When I was younger, my parents always suggested I take up an individual sport. “You can still play team sports, but you can play table tennis or martial arts or racquetball on your own,” they would say.
And while I may have the genes to play everyone’s favorite game involving a ping-pong table (my grandma is in the Table Tennis Hall of Fame, after all), I never ended up picking up any sort of paddle, or sparring gear, and I couldn’t be happier that I didn’t.
I’ve played on teams throughout my whole athletic career, and have come to find that there is nothing better. A team is really so much more.
Half way through my senior season on varsity soccer, I’ve realized how true this is—and how little time I truly have left to enjoy it all. The two soccer teams I play on (school and club) are two of the closest knit groups I’ve ever been in, and unfortunately once the seasons end, worse than not winning the league, (although we will be winning CCS this year), will be losing the friendships and relationships I’ve built.
While the benefits of playing on a team seem apparent —contributing to a larger goal, learning to work with others, and making friends out of teammates—it is really the third part that lasts the longest. No matter how much I care about winning this year’s championship, next summer’s tournament, or finding a way to help my team win each game, I care most about my team and teammates. Plain and simple.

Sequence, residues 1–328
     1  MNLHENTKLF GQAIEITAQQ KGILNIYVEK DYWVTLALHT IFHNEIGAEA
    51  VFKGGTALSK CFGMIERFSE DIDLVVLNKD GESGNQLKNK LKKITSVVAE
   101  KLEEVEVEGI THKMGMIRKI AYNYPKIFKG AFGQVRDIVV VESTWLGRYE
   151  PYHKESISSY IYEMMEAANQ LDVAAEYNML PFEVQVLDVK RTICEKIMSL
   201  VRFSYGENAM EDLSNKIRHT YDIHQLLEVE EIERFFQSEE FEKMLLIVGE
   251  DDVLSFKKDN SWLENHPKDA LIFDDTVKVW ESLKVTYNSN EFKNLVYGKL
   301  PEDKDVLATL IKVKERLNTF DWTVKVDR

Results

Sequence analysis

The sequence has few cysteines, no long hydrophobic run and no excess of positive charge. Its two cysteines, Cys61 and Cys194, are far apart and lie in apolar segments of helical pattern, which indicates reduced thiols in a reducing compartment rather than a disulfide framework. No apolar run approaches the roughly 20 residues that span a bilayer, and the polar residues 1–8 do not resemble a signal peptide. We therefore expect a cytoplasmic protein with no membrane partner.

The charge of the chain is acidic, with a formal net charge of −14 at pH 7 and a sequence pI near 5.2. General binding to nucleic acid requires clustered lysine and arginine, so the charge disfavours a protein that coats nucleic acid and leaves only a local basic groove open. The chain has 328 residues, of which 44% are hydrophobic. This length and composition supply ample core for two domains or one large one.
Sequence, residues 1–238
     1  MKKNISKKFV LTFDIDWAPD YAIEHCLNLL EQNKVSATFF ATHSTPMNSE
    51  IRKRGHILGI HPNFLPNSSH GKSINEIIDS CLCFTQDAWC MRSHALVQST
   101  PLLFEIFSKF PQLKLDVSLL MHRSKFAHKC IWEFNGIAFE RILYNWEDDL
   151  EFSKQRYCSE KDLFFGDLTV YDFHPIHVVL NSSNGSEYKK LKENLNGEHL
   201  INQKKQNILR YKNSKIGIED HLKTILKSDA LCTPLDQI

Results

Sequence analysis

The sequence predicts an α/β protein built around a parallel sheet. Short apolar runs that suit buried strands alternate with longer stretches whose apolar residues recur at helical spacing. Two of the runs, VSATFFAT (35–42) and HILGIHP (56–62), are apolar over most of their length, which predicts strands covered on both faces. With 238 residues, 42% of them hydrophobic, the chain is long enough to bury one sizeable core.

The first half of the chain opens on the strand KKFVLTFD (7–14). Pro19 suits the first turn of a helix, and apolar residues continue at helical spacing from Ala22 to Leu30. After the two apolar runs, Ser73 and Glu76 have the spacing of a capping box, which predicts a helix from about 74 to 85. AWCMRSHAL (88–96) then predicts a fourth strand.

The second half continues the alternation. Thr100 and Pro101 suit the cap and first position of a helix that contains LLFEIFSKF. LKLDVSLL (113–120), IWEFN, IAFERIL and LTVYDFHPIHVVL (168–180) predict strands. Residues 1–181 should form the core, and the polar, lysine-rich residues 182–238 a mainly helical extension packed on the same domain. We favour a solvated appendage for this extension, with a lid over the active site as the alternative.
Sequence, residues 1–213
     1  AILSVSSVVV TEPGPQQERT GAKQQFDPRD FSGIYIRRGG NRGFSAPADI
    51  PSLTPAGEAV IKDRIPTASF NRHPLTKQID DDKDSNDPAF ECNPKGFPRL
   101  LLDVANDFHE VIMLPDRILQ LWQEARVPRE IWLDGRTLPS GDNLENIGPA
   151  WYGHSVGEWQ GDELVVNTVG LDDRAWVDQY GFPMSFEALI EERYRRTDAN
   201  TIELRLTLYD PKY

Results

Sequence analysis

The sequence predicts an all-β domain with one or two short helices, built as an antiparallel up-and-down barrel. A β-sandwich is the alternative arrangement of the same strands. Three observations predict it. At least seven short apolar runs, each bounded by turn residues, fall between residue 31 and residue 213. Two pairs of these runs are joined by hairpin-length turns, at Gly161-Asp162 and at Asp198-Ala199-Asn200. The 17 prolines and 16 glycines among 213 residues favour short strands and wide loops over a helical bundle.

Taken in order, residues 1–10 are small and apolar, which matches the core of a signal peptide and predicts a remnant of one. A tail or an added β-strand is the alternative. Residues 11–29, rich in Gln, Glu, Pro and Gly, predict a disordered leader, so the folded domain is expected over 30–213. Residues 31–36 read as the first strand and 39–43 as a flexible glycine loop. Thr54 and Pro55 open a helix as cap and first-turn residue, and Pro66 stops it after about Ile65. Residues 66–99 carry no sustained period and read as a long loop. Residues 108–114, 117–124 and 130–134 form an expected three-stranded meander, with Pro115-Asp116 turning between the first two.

It is the daily practices, the tournament lunches and the game day bus rides I look most forward to. Post-practice jokes, half-time hand shakes, and chest-bump celebrations remind me why I never followed my parents advice: You just can’t replace a team.
This year’s varsity boys soccer team epitomizes all of these feelings. I can honestly say I’ve never been on a closer knit team. From the bench to the field, the support is unprecedented, the competition is friendly yet intense and the love is always there. Teammates rely on one another, whether it’s to pick you up when you’re down, cover you on a play, or simply pat you on the back after a loss. The entire team laughs when another player gets pegged at practice, and the entire team cries when we lose a game we know we should have won.
To the teams I’ve been on, the teammates I’ve been fortunate enough to have: Thank you, for the best memories I may ever have, the best friendships I may ever make, and the best experiences of my life.
Now let’s go win CCS.